2014 Summer Study Guide: Triple-Threat Training
Students rehearse with faculty members Nick Adams and Kyle Brown. Photo by Eric Antoniou, Courtesy TBC.
At first, the scene looks like the typical dance intensive: Students unwind on foam-rollers after their morning ballet class, while others review choreography. The dancers pile into the studio for jazz class, and the session begins with an athletic, pop-music filled warm-up. But just as the intensity reaches its height, the students do something unexpected, almost shocking: They open their mouths and shatter their silence, belting the chorus of Afrojack’s “Take Over Control (feat. Eva Simons)”—all the while crunching their abs in unison.
Soon to enter its fourth year, The Boston Conservatory’s Musical Theater Dance Intensive teaches dancers how to break away from the silent mentality of dance and into the realm of musical theater. Created and directed by the conservatory’s musical theater dance chair Michelle Chassé, the program answers the call to train advanced dancers who might not be as confident with opening their mouths onstage. “I know that there are a lot of dancers who want to get their foot in the musical theater door and audition with a song or monologue—but don’t know how,” says Chassé, who began her own career in ballet before transitioning into theater. On the other hand, the intensive also provides a safe space for musical theater majors to gain confidence in their dance skills.
The MTDI is modeled after TBC’s rigorous year-round program; and just like the musical theater BFA candidates, students must audition for the summer. Chassé accepts roughly 60 dancers, ages 15 to 25, and about half are rising juniors and seniors in high school. (A handful of TBC students also attend, as well as several undergrads from other musical theater programs across the country.) Students spend three hours each day in ballet and jazz classes. And in addition to voice and acting classes, there are Broadway repertory sessions, mock auditions, rehearsals for an end-of-program performance and workshops on subjects like headshots, social media and self-promotion. They learn Broadway choreography straight from faculty members who danced it, along with classic audition combinations from long-running shows like Chicago.
From the start, Chassé knew that the heart of her program would lie in its faculty, and she drew from TBC’s impressive list of alumni—including Nick Adams (A Chorus Line), Noah Racey (Thoroughly Modern Millie) and Elena Gutierrez (Mamma Mia! national tour)—making the program a celebration of the school’s Broadway success. She also makes a point of hiring voice and acting coaches who work with students year-round at the conservatory. “Nothing is dumbed down,” she says.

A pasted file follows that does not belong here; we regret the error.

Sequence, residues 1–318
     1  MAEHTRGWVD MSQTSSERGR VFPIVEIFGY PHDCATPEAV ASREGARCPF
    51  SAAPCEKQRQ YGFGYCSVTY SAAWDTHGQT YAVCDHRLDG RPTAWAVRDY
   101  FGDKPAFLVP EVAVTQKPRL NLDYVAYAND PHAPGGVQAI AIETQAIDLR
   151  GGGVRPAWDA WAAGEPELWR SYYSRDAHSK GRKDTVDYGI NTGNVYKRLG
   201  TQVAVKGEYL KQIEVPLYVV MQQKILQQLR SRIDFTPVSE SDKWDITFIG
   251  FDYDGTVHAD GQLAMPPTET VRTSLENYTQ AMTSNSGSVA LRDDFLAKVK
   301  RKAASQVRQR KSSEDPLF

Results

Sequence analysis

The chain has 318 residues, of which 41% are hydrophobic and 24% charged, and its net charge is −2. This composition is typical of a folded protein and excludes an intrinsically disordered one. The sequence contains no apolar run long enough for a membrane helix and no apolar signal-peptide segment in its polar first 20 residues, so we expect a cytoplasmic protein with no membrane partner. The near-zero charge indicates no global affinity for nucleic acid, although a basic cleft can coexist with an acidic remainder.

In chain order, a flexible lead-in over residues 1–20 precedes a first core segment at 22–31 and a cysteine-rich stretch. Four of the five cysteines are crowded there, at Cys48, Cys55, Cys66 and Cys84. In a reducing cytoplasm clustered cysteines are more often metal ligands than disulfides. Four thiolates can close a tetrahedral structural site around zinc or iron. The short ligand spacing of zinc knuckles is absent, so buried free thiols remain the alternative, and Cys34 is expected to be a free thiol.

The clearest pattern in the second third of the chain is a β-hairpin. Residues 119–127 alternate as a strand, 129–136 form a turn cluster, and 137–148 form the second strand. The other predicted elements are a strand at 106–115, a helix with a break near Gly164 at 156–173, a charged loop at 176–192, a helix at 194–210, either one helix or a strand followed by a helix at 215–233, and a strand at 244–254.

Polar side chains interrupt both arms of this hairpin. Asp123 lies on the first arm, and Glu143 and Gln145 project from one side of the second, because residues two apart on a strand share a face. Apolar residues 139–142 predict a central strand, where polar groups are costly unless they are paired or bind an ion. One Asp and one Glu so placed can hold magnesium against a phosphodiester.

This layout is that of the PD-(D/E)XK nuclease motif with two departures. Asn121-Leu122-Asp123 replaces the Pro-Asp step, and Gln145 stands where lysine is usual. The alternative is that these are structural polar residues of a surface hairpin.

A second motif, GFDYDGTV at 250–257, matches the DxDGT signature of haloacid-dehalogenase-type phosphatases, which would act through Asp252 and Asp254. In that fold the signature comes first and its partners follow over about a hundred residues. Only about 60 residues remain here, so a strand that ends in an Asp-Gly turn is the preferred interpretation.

The dance, voice and acting faculty work together to make classes an integrated experience across the disciplines. Acting teacher Candice Brown, for example, begins her classes by having dancers express themselves through movement, before transitioning to the spoken word and monologues. And Chassé gives dancers the opportunity to be vocal in dance technique classes—hence the singing during ab work. “The faculty talk with each other and figure out how to make a common language between singing and dancing and acting,” says Emily Pynenburg, 21, a TBC musical theater student who grew up in dance competitions and dreams of dancing on Broadway. “In these ballet classes, you won’t be told to breathe a completely different way than in your singing classes.”
TBC dance division student Curtis Thomas, 22, notes that the summer program has been particularly eye-opening for him, since he’s interested in a career spanning both the concert dance and Broadway stages. “We’re challenged in the moment to make artistic choices,” he says. “There’s this whole new arena of ‘How do you express yourself? Who are you? What are you communicating?’ We’re all storytellers. Plus, with the choreography, the breathing, the sounding pretty and not getting in the way of the 30 other people onstage, it’s the ultimate multitasking.”
High school juniors often use the summer experience as a boot camp to prepare for college auditions. (Attending the MTDI won’t necessarily give you an immediate “in” to TBC, but Chassé notes that faculty members do remember their summer students come audition time.) Others, like Broadway vet Athena Ripka, 15, who played Cindy Lou Who in Dr. Seuss’ How The Grinch Stole Christmas! and Susan Waverly in Irving Berlin’s White Christmas, are beginning their college search. For her, the highlight of the program has been dancing alongside college-age dancers and getting an inside scoop. “I wanted to do a program at a conservatory to see what it was like,” she says. “Being here has answered every single question I’ve had.”
Ashley Rivers is a writer and dancer in Boston.